Scientific Integrity


NOAA and NASA Confirm: 2016 Is Warmest Year on Record.

, climate scientist

NASA and NOAA held a press conference today, where they confirmed what had been anticipated for a few months now: 2016 broke all records, and is officially the warmest year. Read more >

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Joseph-Nicolas Robert-Fleury, “Galileo before the Holy Office” (1847)
Joseph-Nicolas Robert-Fleury, “Galileo before the Holy Office” (1847)

The Inquisition Congress, Abetted by Trump, Has Begun

, Deputy director, Center for Science & Democracy

The increasingly reckless House of Representatives, caught up in a public mutiny, may have walked back its abandonment of congressional ethics. But it simultaneously took several other steps that will enable corruption and greatly expand political influence over the work of experts at NASA, NOAA, EPA, and other science agencies, compromising their ability to serve the public interest. Read more >

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Photo: USCapitol/Flickr

Attacking Science in Week One: How Congress is Trying to Dismantle Public Protections

, Washington representative, Center for Science and Democracy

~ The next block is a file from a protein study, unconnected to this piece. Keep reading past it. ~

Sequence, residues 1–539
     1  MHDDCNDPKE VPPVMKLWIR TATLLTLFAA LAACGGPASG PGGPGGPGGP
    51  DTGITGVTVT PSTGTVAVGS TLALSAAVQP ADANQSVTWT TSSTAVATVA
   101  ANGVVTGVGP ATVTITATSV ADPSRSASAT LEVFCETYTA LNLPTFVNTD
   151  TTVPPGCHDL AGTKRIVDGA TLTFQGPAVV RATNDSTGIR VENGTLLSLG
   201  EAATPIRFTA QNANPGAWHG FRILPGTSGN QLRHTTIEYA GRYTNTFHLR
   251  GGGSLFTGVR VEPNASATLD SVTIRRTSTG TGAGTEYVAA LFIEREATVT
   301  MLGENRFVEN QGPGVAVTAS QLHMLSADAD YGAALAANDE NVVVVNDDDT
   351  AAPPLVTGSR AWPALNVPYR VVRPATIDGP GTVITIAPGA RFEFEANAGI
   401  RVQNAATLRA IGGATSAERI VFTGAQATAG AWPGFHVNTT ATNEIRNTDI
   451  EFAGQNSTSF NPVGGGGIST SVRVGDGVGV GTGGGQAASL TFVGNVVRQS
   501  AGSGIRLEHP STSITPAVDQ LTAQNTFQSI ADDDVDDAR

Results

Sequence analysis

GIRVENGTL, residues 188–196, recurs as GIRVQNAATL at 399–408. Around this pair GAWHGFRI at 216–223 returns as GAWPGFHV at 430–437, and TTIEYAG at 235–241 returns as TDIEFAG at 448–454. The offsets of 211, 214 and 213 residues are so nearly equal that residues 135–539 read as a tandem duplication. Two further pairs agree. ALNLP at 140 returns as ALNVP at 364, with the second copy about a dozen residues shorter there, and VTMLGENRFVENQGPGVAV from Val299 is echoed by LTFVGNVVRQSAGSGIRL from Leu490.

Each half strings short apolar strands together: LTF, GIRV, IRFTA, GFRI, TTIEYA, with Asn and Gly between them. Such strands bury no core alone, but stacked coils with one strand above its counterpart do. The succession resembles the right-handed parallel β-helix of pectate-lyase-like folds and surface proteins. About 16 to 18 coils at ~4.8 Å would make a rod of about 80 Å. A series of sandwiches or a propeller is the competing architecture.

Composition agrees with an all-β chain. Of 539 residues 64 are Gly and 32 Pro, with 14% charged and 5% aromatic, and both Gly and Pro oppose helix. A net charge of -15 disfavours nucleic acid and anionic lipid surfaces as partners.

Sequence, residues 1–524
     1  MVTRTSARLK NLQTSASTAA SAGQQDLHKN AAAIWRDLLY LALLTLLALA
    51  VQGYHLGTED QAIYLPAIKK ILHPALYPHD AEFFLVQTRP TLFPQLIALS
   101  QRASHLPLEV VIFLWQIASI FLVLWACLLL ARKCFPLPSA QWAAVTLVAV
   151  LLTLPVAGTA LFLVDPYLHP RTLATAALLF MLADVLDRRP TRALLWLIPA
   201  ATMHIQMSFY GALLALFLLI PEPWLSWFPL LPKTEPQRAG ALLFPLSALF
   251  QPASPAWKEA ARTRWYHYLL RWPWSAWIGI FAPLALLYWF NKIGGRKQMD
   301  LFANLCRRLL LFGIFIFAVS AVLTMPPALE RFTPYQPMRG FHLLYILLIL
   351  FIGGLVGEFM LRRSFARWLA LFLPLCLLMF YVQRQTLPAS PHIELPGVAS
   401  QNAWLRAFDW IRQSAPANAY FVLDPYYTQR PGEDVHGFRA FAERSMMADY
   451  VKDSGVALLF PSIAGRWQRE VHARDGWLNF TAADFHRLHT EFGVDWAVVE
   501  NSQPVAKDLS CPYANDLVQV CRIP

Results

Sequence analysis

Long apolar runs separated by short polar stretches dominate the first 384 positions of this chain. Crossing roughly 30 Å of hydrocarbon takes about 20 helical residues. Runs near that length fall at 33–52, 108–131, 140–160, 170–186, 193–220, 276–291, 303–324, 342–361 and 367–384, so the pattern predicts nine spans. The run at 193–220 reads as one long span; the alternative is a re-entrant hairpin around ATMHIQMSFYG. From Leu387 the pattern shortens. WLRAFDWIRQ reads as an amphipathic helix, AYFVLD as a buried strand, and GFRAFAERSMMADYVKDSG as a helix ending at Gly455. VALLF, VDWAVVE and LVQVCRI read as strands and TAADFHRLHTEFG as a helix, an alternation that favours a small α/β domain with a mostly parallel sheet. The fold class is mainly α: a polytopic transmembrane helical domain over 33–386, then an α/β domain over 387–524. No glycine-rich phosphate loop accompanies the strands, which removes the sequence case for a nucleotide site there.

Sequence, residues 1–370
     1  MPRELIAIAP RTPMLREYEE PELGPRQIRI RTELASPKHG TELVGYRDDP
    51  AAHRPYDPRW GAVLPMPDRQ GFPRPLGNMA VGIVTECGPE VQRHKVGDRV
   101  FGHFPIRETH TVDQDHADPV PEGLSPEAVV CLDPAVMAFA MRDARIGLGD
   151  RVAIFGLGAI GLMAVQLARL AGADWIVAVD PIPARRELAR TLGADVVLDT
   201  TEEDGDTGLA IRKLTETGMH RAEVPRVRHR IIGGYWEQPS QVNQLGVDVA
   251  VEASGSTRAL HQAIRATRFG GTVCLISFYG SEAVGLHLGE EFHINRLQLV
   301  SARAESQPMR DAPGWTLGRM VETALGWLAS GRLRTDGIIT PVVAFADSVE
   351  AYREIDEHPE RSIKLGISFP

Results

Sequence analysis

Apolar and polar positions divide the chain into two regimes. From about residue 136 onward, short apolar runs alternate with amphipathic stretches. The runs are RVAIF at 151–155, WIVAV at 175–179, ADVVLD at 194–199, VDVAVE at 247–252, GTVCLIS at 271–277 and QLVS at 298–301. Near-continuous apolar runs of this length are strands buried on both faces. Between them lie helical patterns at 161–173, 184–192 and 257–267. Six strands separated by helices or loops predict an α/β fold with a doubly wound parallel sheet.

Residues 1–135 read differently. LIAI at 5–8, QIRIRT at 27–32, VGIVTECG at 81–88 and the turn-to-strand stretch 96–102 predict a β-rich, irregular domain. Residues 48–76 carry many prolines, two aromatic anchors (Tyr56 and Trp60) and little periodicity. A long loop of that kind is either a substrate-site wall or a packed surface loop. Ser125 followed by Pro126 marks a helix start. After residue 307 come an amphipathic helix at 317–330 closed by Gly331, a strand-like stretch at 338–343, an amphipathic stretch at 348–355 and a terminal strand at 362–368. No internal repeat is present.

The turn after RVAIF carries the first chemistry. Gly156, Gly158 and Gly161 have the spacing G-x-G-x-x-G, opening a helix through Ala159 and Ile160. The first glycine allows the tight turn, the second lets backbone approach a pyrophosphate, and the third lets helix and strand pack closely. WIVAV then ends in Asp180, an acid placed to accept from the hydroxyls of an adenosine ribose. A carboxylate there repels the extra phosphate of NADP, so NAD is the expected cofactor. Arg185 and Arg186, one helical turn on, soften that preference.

You may have heard that Congress is back in session this week. The House of Representatives started off by trying to eviscerate their own independent ethics watchdog behind closed doors on a national holiday. The public noticed, raised hell, and forced the chamber to reverse course.

But the absurdity in the House continues. Over the next few days, votes are scheduled on two radical proposals designed to erode the ability of federal agencies to use science to protect public health, safety, and the environment. Read more >

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The EPA Withdraws Claim that Fracking has no “Widespread Systemic Impacts” on Drinking Water

, Research Director, Center for Science and Democracy

The EPA removed language claiming that hydraulic fracturing has no “widespread systemic impacts” on drinking water from its final report on the subject. The move follows criticism from its Science Advisory Board and revelations by Marketplace that the report’s executive summary and press release may have been edited by non-scientists. Read more >

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A New Presidency, A New Opportunity for Science

, Research Director, Center for Science and Democracy

Throughout its history, the US has benefited by applying science to public policy making. As national challenges become more complex, we rely on the federal government’s use of science to keep us safe and healthy. Science informs the safeguards and standards that protect us—from infectious disease to environmental pollution, from new drug approvals to consumer and worker safety. The next president has a chance to strengthen the long-standing role science has served in our democracy. I detail how in our newly released recommendations for the next administration. Read more >

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